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In re Rivera

United States Court of Appeals, Ninth Circuit

August 10, 2016

In re Maria G. Rivera, Debtor,
v.
Orange County Probation Department, Appellee. Maria G. Rivera, Appellant,

          Argued and Submitted June 6, 2016 Pasadena, California

         Appeal from the Ninth Circuit BAP No. 13-1476 Bankruptcy Appellate Panel Kirscher, Pappas, and Latham, Bankruptcy Judges, Presiding

          Brett H. Ramsaur (argued) and Todd E. Lundell, Snell & Wilmer, Costa Mesa, California, for Appellant.

          Adam C. Clanton (argued), Deputy; Laurie A. Shade, Senior Deputy; Nicholas S. Chrisos, County Counsel; Orange County Counsel, Santa Ana, California; for Appellee.

          Before: Stephen Reinhardt, and Kim McLane Wardlaw, Circuit Judges, and Mark W. Bennett, [*] District Judge.

         SUMMARY[**]

         Bankruptcy

         The panel reversed the judgment of the Bankruptcy Appellate Panel, which had affirmed the bankruptcy court's denial of a debtor's motion to sanction Orange County for persisting post-discharge in its efforts to collect a debt arising from the debtor's son's involuntary juvenile detention.

         The panel held that the debtor's liability for the costs of support of her son while in detention was not a "domestic support obligation" and thus was not excepted from discharge in bankruptcy under 11 U.S.C. § 523(a)(5).

          OPINION

          REINHARDT, Circuit Judge:

         Introduction

         We must decide whether a mother's debt to Orange County arising from her son's involuntary juvenile detention is a "domestic support obligation" and thus excepted from discharge in bankruptcy. We conclude that it is not.

         Factual Background

         Appellant Maria Rivera is the mother of a minor who was held in juvenile detention in Orange County for more than a year, from 2008-2010. Upon her son's release, the County Probation Department sent Rivera a bill.

         California law makes the parents of juvenile detainees "liable for the reasonable costs of support of the minor while the minor is" held in detention. Cal. Welf. & Inst. Code § 903(a). A county may seek reimbursement under § 903 only "for food and food preparation, clothing, personal supplies, and medical expenses, " id., and the statute imposes a cap of $30 per day. § 903(c). Within those constraints, the statute limits the bill to the parents' "ability to pay" at the time the debt is imposed. Id.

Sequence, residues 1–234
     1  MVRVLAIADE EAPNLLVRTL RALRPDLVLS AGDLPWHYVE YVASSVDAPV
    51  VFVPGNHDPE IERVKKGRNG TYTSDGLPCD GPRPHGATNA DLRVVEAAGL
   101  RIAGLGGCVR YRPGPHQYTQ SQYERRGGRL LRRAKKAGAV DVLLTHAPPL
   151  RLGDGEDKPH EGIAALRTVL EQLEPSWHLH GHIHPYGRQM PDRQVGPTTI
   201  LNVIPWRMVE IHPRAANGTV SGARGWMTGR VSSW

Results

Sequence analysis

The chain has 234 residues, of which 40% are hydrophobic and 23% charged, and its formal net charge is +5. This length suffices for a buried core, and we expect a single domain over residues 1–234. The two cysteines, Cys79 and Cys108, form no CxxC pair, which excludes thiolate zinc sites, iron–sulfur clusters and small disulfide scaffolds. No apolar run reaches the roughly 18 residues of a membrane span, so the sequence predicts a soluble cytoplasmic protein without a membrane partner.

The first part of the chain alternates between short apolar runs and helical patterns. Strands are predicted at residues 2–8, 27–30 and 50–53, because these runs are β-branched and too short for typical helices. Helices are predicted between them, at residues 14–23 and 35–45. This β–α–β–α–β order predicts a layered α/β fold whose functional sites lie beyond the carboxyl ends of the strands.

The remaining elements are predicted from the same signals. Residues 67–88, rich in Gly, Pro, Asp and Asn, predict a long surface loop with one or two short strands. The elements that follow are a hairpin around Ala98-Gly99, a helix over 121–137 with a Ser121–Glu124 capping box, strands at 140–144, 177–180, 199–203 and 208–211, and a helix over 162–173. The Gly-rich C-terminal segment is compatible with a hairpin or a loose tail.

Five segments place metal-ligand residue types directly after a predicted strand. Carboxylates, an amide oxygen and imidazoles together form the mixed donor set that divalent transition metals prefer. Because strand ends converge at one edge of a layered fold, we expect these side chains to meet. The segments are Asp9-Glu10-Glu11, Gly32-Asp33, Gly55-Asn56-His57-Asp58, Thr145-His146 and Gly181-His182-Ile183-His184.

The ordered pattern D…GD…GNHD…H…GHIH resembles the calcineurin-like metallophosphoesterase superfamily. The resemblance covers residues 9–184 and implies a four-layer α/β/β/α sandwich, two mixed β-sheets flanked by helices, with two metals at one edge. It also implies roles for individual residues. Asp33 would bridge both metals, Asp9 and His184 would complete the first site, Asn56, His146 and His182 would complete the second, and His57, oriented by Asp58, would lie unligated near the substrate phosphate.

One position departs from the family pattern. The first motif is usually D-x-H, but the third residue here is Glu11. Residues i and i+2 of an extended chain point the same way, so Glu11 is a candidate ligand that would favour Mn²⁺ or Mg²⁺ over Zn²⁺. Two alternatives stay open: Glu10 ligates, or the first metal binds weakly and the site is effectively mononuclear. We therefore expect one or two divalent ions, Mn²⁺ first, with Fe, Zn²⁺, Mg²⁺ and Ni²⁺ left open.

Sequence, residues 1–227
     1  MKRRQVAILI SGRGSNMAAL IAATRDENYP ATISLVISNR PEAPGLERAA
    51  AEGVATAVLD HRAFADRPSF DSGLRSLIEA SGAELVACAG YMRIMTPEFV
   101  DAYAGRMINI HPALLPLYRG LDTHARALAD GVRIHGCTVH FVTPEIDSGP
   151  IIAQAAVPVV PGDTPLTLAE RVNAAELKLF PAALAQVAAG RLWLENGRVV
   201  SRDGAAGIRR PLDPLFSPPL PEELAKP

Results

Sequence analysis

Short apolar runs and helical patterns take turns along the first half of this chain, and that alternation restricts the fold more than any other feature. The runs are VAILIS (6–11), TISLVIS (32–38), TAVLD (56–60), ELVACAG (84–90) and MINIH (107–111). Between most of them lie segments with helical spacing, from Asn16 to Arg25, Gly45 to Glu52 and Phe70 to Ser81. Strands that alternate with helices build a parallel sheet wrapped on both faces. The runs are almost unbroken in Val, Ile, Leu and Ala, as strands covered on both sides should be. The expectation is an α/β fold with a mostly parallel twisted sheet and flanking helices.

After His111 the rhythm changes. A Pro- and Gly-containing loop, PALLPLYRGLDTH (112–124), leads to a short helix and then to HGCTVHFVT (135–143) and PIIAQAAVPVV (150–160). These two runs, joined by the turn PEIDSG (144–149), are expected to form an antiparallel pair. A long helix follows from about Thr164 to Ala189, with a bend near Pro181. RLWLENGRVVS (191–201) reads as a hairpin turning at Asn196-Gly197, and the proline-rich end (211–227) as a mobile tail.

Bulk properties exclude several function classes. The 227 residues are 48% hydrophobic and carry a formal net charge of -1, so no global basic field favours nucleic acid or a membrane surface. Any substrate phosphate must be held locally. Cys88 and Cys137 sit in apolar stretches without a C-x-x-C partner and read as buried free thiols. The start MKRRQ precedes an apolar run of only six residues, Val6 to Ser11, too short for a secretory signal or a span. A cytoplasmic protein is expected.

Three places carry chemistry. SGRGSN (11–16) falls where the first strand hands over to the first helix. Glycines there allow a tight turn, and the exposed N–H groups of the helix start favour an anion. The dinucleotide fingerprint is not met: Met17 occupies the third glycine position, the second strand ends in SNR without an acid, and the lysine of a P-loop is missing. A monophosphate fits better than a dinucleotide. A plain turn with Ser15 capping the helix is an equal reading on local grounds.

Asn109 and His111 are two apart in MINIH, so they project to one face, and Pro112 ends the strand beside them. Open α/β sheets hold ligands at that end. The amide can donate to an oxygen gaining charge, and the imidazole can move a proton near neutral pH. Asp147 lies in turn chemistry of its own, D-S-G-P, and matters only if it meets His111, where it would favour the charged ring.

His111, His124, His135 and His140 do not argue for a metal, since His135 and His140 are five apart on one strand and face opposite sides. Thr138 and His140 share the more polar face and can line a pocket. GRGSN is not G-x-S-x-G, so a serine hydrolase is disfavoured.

As a result, Rivera's bill did not cover the entire cost to the County of her son's detention, but it was a large sum nevertheless. The County sought to recover $23.90 from Rivera for each day her son was detained, and $2, 199 for legal expenses. The total bill came to $16, 372.

         Rivera did her best to pay. After selling her house, she paid $9, 508 on May 10, 2010. Part of the debt remained, however, and the County continued sending Rivera regular bills. Eventually, she was served with an order to appear before the juvenile court, and when she failed to do so, the court entered a default judgment against her. The judgment stated that she still owed the County $9, 905, despite her earlier payment.[1]

         Several months later, in September 2011, Rivera filed for bankruptcy under Chapter 7 of the Bankruptcy Code. She had no assets to distribute, only debts to discharge. In January 2012, Rivera received a full discharge and, thus, the "fresh start" that the protections of the Bankruptcy Code seek to provide. Harris v. Viegelahn, 135 S.Ct. 1829, 1835 (2015).

         Orange County, however, persisted in its efforts to collect Rivera's debt even after the conclusion of her bankruptcy case. The County believed that Rivera's debt was a "domestic support obligation" ("DSO") like alimony or child support - the kind of debt that is not dischargable in bankruptcy under 11 U.S.C. § 523(a)(5).

         Rivera believed that any remaining debt to the County had been fully discharged. In her bankruptcy petition, she had listed her unpaid obligation to the County as a priority unsecured debt, not a DSO, and the County did not object in writing to this characterization. Rivera moved to reopen her bankruptcy case and asked the bankruptcy court to sanction the County for attempting to ...


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